I also lit behind the sofa I, I put a And open faced omni light with black wrap on the floor to bounce off the back of the sofa to put a little bit of glow on the eaves here to seperate it away from the sofa so it was a little bit brighter. It's a dark wood and it's going to soak up a lot of light so it's going to need a little something there to help put a highlight on it. Then it was back to the trunk. Now the trunk just soaks up every little bit of light you can put on it, and when I had the light placed where I wanted it, I realized instead of 200 Watt (UNKNOWN), I really needed a 600 Watt (UNKNOWN) to light that thing. I didn't have one with me, so instead.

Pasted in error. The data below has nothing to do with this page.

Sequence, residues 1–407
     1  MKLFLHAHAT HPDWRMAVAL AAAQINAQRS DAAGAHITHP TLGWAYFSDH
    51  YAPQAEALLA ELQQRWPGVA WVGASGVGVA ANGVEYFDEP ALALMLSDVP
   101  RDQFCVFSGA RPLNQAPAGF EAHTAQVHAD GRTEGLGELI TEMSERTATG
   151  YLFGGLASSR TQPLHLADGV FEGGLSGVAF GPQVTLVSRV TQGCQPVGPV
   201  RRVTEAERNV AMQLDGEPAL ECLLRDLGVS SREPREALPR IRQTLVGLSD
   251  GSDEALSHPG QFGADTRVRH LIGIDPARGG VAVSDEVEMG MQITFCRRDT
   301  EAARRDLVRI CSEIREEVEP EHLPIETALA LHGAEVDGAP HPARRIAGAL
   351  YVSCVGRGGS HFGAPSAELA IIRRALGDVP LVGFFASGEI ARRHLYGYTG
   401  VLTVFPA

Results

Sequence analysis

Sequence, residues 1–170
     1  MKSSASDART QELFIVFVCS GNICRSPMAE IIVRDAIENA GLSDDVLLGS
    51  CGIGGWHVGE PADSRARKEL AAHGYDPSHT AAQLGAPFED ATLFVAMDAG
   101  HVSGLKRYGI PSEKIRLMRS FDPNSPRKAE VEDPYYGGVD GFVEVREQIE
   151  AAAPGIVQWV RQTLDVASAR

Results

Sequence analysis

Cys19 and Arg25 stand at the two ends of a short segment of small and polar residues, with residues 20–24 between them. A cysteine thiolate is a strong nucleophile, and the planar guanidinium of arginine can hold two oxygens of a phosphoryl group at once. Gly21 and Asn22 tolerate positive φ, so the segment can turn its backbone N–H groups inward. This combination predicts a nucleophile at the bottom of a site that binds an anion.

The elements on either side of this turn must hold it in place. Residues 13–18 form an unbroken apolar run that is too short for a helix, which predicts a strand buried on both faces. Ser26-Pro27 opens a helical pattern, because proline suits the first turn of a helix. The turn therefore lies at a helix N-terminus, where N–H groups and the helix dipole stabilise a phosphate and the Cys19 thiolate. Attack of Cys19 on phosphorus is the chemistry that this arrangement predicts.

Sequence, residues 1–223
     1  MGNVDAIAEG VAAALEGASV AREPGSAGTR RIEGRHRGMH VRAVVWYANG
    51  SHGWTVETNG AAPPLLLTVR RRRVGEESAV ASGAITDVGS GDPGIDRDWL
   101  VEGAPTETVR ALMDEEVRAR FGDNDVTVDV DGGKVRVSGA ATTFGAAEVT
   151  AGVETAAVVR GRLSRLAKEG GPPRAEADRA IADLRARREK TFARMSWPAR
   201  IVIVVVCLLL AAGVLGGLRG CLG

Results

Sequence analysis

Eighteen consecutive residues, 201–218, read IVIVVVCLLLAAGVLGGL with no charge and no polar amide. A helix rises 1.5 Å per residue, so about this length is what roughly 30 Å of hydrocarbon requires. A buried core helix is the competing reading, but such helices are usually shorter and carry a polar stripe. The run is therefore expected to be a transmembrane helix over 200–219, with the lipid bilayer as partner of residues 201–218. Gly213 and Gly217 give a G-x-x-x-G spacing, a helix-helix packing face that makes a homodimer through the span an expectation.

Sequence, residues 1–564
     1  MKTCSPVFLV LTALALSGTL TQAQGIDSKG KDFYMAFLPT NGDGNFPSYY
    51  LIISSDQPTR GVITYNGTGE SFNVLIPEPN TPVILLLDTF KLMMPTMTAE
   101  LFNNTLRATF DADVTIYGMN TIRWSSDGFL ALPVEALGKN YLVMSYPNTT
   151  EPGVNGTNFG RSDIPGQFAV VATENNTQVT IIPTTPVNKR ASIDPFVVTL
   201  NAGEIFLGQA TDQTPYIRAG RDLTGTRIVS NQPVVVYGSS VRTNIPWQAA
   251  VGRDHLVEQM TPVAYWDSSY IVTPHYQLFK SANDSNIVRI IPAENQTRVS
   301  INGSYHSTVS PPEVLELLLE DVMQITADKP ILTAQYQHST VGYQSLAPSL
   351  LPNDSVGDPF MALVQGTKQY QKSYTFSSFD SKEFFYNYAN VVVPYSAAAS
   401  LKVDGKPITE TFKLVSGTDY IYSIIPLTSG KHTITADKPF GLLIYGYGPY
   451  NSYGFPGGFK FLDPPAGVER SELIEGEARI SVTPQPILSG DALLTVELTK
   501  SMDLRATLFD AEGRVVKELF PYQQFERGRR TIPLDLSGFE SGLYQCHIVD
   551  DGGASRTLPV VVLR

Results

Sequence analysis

What I did was I moved my light in closer until it started to light it the way I liked it and then I noticed that my light stem was on frame. So I thought okay why not? So I went ahead and moved the light stand all the way in so that it was completely on frame but I lit the trunk the way I wanted to, to get the detail in the trunk that I was looking for, made a capture of that. Moved the light stand out and then my subsequent captures had to stand out so what I'll do when it comes time to post everything. I'll just take the detail from the trunk itself out of the shot that had the light stand in frame.